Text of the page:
This document is available in two formats: this web page (for browsing content) and PDF (comparable to original document formatting). To view the PDF you will need Acrobat Reader, which may be downloaded from the Adobe site. For an official copy, please contact the Antitrust Documents Group.

 
From:

Mark Alexander

To: Microsoft ATR, microsoftcomments@doj.ca.gov@inetgw,...
Date: 12/2/01 3:19pm
Subject: Microsoft settlement

[Text body exceeds maximum size of message body (8192 bytes). It has been converted to attachment.]

 


OVERVIEW:

This email is in regards to the Revised Proposed Final Judgement (Settlement) for the case of US v Microsoft (98-1232) and NY et al v Microsoft. (98-1233) It is a list of specific defects in the proposal as well as other areas that need to be addressed for a comprehensive solution.

The computer industry, especially the software industry, used to be a very vibrant exciting space with a large number of competing technologies and solutions. Microsoft has become a dominant player in this space by multiple methods. The fact that Microsoft is persistent and keeps on trying even after a product is not well received is a strength of Microsoft that others should emulate. The fact the Microsoft believes that to compete it needs to "cut off the air supply" of potential competitors is a method that should be eliminated.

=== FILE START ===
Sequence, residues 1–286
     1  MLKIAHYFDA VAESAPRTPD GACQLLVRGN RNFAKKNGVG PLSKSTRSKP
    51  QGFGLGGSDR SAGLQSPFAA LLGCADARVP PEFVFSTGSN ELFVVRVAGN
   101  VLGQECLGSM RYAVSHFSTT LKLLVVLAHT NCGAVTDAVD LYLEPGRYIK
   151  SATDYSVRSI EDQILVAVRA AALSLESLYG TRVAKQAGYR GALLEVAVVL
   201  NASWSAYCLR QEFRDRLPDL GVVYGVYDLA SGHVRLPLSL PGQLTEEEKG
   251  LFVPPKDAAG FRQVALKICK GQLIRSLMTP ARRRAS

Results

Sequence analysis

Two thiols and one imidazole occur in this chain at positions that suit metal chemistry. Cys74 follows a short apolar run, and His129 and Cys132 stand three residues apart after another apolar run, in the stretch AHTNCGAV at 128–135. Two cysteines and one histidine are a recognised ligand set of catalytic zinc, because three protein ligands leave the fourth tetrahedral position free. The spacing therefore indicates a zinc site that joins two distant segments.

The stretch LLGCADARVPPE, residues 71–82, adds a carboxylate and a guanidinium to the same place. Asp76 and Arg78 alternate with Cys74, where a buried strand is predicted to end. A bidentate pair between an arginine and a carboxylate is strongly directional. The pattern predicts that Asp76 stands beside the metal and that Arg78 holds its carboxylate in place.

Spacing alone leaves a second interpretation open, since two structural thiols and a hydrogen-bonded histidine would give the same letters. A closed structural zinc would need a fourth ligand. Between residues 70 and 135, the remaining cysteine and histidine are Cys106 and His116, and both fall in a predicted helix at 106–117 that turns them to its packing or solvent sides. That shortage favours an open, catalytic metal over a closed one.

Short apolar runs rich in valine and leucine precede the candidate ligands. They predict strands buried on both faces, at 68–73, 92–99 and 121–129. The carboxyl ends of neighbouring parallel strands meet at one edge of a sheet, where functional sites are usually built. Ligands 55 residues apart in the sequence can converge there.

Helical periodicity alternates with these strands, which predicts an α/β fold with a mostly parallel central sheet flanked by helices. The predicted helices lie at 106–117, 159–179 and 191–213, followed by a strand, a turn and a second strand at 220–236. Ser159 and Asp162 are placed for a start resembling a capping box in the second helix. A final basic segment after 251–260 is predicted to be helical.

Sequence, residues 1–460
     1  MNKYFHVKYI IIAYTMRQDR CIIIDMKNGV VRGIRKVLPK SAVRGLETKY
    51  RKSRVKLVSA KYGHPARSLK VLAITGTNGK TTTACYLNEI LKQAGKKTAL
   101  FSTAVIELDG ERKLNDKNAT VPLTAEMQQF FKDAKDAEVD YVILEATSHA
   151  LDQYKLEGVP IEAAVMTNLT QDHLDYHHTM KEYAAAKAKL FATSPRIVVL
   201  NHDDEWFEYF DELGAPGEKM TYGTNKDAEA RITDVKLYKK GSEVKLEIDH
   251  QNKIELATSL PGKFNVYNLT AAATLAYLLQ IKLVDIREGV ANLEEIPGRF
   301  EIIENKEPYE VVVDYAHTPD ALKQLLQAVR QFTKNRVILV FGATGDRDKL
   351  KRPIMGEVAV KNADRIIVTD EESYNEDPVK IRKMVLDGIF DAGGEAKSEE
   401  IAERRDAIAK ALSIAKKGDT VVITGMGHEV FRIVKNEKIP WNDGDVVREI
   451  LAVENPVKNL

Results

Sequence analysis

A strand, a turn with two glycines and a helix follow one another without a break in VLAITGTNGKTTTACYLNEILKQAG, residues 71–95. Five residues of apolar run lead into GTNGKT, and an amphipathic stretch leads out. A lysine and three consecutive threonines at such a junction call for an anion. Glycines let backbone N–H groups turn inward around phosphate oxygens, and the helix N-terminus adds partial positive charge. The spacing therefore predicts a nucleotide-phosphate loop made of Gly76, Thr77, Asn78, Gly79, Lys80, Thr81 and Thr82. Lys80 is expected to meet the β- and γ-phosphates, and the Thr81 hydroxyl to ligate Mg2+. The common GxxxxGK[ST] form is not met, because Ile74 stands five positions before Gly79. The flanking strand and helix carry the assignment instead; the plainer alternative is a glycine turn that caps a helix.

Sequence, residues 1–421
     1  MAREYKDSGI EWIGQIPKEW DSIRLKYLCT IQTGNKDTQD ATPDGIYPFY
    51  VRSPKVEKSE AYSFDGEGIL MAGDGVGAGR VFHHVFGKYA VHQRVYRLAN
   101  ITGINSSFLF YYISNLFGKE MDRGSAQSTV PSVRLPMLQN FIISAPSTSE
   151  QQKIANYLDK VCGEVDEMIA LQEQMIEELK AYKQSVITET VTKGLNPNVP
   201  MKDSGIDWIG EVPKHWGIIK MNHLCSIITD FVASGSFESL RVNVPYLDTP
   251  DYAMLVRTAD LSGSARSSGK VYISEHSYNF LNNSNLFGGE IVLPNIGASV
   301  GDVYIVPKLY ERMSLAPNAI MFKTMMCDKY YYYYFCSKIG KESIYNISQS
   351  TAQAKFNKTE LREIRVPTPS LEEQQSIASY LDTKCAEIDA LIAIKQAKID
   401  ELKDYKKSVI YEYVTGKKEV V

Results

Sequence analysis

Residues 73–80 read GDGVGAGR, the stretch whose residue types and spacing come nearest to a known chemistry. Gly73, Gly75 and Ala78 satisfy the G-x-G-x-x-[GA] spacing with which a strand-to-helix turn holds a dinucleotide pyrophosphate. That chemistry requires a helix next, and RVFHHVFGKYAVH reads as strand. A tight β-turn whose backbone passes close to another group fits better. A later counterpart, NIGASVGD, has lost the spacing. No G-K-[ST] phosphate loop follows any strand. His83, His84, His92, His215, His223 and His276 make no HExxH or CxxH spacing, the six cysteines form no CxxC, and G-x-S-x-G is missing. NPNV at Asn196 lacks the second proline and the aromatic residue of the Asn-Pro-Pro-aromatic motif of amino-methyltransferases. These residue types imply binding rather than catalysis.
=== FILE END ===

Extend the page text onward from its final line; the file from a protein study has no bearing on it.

PERSONAL INFORMATION:

My name is Mark Alexander. I am a US citizen residing at 46 Lynwood Rd in Scarsdale, NY. My email address is malexander@acm.org. I have been working in the computer field for over 20 years. I currently work as a Senior Information Technology Architect for General Electric Card Services, the private label credit card business of GE Capital in Stamford, CT. The opinions expressed in this email our my own personal opinions and not those of GE. I currently own stock in a variety of technology companies including Microsoft.


OVERALL: